Not Provided
Not Provided
 
A Study of Sublingual Immunotherapy in Peanut-allergic Children
A Double-blinded, Placebo-controlled Study of Peanut Sublingual Immunotherapy in Children - DBPC Peanut SLIT
The specific aim of this study is to determine if peanut allergen-specific SLIT will cause clinical desensitization and tolerance to develop in peanut-allergic young children.

In spite of increased recognition and understanding of food allergies, food-induced anaphylaxis remains the single most common cause of anaphylaxis seen in hospital emergency departments, accounting for about one third of anaphylaxis cases seen. It is estimated that about 30,000 food-induced anaphylactic events are seen in U.S. emergency departments each year and that about 200 fatal cases occur in the U.S. each year. Either peanuts or tree nuts cause more than 80% of these reactions. No treatments are available and avoidance is the only approved intervention.

The goal of this study is to investigate peanut sublingual immunotherapy (SLIT) as a treatment for children with peanut allergy. This study is designed to evaluate the efficacy and safety of peanut SLIT compared to placebo after 12 months. Mechanistic studies will be completed concurrently to understand changes in the allergic immune response related to peanut SLIT. The remainder of the study is designed to evaluate the efficacy of peanut SLIT in inducing lasting tolerance after discontinuation of the peanut SLIT.

Interventional
Not Provided
Allocation: Randomized
Endpoint Classification: Safety/Efficacy Study
Intervention Model: Crossover Assignment
Masking: Double Blind (Subject, Caregiver, Investigator)
Primary Purpose: Treatment
Food Hypersensitivity
  • Drug: Peanut SLIT
    Liquid peanut protein drops diluted in glycerin which are dosed under the tongue.
    Other Name: Sublingual peanut protein drops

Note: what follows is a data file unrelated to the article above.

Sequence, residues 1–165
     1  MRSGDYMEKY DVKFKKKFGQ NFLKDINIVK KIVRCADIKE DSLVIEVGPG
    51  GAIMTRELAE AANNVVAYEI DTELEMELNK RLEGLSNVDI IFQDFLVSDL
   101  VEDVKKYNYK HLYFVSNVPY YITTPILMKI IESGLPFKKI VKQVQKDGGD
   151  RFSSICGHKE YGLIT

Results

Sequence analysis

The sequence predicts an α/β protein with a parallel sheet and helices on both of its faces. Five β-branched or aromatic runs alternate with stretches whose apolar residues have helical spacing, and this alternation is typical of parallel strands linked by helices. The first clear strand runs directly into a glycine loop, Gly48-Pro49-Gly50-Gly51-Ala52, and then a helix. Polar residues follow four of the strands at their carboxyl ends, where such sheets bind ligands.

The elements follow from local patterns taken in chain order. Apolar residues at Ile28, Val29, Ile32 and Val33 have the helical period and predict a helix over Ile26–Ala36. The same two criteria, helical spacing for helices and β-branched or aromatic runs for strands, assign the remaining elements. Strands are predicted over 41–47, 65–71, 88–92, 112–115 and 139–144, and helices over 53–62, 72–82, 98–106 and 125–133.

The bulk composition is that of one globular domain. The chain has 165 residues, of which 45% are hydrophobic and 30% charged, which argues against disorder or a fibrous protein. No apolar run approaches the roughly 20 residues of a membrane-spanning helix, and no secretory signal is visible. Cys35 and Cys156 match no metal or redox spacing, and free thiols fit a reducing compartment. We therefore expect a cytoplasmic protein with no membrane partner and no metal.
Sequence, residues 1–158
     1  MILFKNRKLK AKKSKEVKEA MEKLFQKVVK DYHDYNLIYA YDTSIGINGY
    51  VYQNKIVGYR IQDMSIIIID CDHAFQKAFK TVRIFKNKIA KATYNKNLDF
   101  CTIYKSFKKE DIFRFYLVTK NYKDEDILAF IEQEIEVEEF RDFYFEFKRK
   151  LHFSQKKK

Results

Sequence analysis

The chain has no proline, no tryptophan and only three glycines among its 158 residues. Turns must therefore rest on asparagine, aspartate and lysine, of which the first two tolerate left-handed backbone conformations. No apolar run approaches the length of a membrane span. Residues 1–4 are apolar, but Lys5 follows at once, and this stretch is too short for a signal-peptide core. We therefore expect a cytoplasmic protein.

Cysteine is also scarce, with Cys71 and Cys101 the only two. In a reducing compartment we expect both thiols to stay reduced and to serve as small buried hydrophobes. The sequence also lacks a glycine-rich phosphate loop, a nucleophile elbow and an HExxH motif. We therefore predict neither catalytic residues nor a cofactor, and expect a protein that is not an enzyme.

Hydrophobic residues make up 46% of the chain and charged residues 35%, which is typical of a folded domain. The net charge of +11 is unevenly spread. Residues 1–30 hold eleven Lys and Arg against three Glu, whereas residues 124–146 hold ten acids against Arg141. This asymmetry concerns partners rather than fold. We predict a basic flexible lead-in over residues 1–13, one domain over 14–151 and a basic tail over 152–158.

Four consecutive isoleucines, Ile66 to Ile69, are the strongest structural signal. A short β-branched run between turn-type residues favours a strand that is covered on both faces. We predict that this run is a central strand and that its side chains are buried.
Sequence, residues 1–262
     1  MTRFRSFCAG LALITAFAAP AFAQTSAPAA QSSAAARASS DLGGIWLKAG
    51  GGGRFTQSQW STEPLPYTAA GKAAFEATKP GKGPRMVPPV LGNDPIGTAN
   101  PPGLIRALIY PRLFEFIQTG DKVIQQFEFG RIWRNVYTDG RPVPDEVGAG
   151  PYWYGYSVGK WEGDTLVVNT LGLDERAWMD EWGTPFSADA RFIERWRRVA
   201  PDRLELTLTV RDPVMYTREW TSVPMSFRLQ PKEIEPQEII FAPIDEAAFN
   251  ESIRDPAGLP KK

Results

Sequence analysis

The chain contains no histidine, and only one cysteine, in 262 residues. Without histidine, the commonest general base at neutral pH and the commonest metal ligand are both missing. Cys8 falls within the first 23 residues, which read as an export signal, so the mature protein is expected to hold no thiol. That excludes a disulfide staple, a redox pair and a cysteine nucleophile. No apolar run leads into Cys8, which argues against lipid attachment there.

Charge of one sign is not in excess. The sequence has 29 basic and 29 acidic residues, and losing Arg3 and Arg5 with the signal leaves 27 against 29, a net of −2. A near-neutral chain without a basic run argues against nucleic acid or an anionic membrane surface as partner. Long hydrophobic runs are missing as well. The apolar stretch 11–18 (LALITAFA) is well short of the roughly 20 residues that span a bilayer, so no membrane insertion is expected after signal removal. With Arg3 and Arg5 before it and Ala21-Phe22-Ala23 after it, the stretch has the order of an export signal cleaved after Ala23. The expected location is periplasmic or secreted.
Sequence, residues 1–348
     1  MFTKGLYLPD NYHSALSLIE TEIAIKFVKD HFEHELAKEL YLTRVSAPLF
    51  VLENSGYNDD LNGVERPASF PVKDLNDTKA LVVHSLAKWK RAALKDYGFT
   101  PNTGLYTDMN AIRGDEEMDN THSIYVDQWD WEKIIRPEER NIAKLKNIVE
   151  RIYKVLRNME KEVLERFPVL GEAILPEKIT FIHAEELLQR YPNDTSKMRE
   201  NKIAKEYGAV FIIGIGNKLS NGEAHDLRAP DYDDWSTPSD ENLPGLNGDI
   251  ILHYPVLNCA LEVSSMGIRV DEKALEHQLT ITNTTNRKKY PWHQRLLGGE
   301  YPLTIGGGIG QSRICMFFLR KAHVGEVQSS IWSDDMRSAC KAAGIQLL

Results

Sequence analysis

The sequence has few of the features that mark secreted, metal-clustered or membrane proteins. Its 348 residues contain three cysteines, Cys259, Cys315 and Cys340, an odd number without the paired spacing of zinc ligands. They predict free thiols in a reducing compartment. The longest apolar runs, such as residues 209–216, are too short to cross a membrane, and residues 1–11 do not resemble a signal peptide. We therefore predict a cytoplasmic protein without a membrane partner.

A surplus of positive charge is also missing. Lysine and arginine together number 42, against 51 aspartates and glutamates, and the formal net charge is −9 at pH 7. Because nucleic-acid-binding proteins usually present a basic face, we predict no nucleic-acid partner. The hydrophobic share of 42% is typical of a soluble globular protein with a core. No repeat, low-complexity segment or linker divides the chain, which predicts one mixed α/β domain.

• Drug: Placebo SLIT
    Liquid glycerin without peanut which are dosed under the tongue.
    Other Name: Sublingual glycerin saline drops
  • Active Comparator: Peanut SLIT
    Subjects who receive the protein (peanut sublingual drops) at the beginning of the study.
    Intervention: Drug: Peanut SLIT
  • Placebo Comparator: Placebo SLIT
    Subjects who receive placebo (glycerin sublingual drops) at the beginning of the study.
    Intervention: Drug: Placebo SLIT

*   Includes publications given by the data provider as well as publications identified by ClinicalTrials.gov Identifier (NCT Number) in Medline.
 
Active, not recruiting
33
October 2016
June 2016   (final data collection date for primary outcome measure)

Inclusion Criteria:

  • Peanut IgE > 7kU/L (> 2kU/L for children aged 2 years and under) AND
  • History of significant clinical symptoms within 60 minutes after the ingestion of peanuts.

Exclusion Criteria:

  • History of severe life-threatening anaphylaxis to peanut, OR
  • Medical history that would prevent a DBPCFC to peanut, OR
  • Subjects with wheat or oat allergy (which are used in the placebo), OR
  • Unable to cooperate with challenge procedures, OR
  • Unable to be reached by telephone for follow-up
Both
1 Year to 11 Years   (Child)
No
Contact information is only displayed when the study is recruiting subjects
United States
 
NCT00597727
11-2296
Yes
Not Provided
Not Provided
Wesley Burks, MD, University of North Carolina, Chapel Hill
University of North Carolina, Chapel Hill
Not Provided
Principal Investigator: Wesley Burks, MD University of North Carolina
University of North Carolina, Chapel Hill
October 2015

ICMJE     Data element required by the International Committee of Medical Journal Editors and the World Health Organization ICTRP